Welcome to our terrifying top ten! Read on to see the next five films that we believe represent the very finest in 21st-century horror:
After being held a release holding pattern for 2 years due to studio troubles causing horror fans to expect a generic slasher flick, The Cabin in the Woods was a welcome surprise in both its concept and quality. Starting off in an high-tech underground facility instead of an isolated cabin instantly put audiences on the backfoot and this Joss Whedon produced meta-horror always stayed one step of its viewers until its memorable monster mash climax.
Intended to give the middle finger to the torture-obsessed horror flicks that had dominated the genre earlier this century, Whedon’s and Drew Goddard’s screenplay actually surpasses this protest to be a knowing horror that never sneers at its subject matter (something the Scream movies never managed). It’s a rare delight of a film that’s best enjoyed with total ignorance of its intentions and yet is smart enough to reward repeat viewings too, making it a modern horror classic that’s still waiting for the credit it truly deserves.
For anyone still traumatized by The Walking Dead‘s savage season premiere last Sunday, you can lay the blame squarely on Danny Boyle’s unassuming take on the zombie genre some 14 years ago. As one of the most culturally important films of the last 20 years, 28 Days Later is patient zero for the phenomenon that would sweep across the globe and to which no one seemed immune.
While there had been plenty of films concerning the shuffling undead before Cillian Murphy awoke in a deserted London hospital, screenwriter Alex Garland’s idea to re-brand its decaying brain-munchers as “the infected” and give an adrenalin shot to their mobility made zombies relevant and threatening again. Looking back on it in isolation, the film never quite manages to top its chilling opening scenes in the empty English capital and one can’t shake the feeling that Boyle and Garland never really knew how to finish the story (there are at least three known alternative endings, plus an entirely different third act was also initially planned). But its place in the top ten was always guaranteed thanks to its nuclear impact on 21st-century fiction, as its many prodigies elsewhere on this list proves.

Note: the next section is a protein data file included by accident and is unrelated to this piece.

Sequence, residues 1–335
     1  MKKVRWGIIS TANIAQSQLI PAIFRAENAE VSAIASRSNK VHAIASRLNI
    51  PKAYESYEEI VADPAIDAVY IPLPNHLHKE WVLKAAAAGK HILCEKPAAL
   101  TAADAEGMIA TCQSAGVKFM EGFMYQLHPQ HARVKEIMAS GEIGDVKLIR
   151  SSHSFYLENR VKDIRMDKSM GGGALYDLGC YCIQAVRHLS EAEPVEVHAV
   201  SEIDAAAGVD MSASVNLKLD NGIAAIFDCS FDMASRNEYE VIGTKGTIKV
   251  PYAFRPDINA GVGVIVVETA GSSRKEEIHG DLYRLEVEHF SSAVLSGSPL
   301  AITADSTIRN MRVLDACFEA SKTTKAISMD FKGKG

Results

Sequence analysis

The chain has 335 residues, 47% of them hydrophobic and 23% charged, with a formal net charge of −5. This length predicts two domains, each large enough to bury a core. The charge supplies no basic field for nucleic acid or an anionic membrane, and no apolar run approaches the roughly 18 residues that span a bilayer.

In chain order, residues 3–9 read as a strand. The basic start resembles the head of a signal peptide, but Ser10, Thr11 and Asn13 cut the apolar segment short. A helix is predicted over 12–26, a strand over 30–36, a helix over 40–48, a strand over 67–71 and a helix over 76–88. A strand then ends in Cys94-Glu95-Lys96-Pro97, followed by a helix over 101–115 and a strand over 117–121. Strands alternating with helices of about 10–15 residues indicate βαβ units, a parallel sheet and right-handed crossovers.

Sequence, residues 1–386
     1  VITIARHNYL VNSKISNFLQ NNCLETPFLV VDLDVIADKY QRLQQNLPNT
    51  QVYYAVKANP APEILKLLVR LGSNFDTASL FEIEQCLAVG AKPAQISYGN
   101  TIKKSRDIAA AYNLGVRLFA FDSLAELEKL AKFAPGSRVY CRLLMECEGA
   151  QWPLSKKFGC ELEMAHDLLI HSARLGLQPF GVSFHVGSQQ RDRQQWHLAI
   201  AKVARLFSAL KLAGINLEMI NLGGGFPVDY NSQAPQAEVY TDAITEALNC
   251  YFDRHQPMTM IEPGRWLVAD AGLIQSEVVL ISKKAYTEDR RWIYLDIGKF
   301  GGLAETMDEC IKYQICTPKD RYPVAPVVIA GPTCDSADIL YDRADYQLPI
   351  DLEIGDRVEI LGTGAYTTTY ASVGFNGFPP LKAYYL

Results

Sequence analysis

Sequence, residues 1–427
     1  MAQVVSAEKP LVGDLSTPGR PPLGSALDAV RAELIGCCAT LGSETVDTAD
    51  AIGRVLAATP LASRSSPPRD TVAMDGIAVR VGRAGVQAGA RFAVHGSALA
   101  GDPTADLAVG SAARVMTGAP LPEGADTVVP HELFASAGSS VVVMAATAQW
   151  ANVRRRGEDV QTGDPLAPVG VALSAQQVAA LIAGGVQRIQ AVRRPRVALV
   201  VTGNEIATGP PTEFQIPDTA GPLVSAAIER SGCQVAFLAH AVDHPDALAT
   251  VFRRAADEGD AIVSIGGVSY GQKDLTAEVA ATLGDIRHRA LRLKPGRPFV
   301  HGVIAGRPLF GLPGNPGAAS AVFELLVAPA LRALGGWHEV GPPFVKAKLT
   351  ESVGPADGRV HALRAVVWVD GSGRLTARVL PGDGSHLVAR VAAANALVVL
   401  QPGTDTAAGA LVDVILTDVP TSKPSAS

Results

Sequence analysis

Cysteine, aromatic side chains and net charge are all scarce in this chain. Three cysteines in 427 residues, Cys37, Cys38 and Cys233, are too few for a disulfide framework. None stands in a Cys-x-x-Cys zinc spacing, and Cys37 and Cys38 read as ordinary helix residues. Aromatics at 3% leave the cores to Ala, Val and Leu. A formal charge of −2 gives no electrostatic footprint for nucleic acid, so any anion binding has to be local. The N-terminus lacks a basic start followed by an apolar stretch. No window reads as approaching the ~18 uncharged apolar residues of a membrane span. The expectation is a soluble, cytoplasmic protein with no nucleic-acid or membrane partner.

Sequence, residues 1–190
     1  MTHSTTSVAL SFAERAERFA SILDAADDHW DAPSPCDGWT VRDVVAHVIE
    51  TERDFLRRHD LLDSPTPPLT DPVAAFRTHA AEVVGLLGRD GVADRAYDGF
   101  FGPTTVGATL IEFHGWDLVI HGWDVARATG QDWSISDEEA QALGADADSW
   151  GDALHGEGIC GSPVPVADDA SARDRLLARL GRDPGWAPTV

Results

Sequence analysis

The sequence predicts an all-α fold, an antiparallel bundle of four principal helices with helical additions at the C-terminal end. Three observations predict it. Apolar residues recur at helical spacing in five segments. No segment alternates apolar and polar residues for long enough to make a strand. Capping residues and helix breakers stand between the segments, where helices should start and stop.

Every now and then, a horror film emerges that doesn’t just haunt you during its running time but then lingers with you long after its final credits roll. It Follows is one of that rare breed as David Robert Mitchell’s dream-like direction tells the tale of a sexually transmitted curse causing it victims to be slowly hunted down by a creature who can take on even the most mundane of human forms.
This wickedly clever blend of the succubus myth combined with the “pass it on” mechanic of The Ring is notable enough by itself but it’s Mitchell’s unusual style that bizarrely echoes both John Carpenter and Sofia Coppola which really sells it. If it wasn’t for the film’s clumsy climax, It Follows would have easily placed higher on this list but the highly original horror flick is a rare marriage of both style and substance that lifts it well above most of its peers.
Even by 2007, plenty of contempt had been bred by the over-familiarity of the found footage genre and zombies alike, so it is to this Spanish horror film’s credit that it manages to rank among the finest and freshest of either. Set in a single apartment block in downtown Barcelona, a documentary team find themselves under military quarantine after following firefighters responding to an emergency call. [•REC] makes fantastic use of its shaky-cam stylings to convey panic and disorientation as it appears something is seriously wrong with the building’s residents.
If this list was based purely on a horror film’s ability to evoke sheer terror, then [•REC] would walk away with the top spot. A masterpiece of pacing and escalation, it manages to top each worsening nightmare with another until it reaches its infamous Nightvision drenched climax that would have had many a viewer leaving all the lights on for weeks.
While this Australian neo-gothic horror is light on traditional scares, it more than makes up for it with a deceptively simple story about the ever creeping fear of grief and madness. A widowed mother struggles to deal with her hyperactive son whose over-active imagination seems to be getting the better of the both them when he finds a macabre pop-up book that tells the tale of titular Babadook.
As the mother succumbs and struggles with the archly dressed demon, it’s never entirely clear if the Babadook is an all too real entity or simply a manifestation her of depression and trauma. It’s this dichotomy that makes this antipodean gem so effective as an analogy of PTSD and other mental illnesses that could inhabit anyone if pushed far enough. An elegant classical horror that surpasses most other examples during the supernatural revival of recent years.
So, just five remain in our creepy compendium of horrors. Check back soon to see which films have survived… and what will be left of them.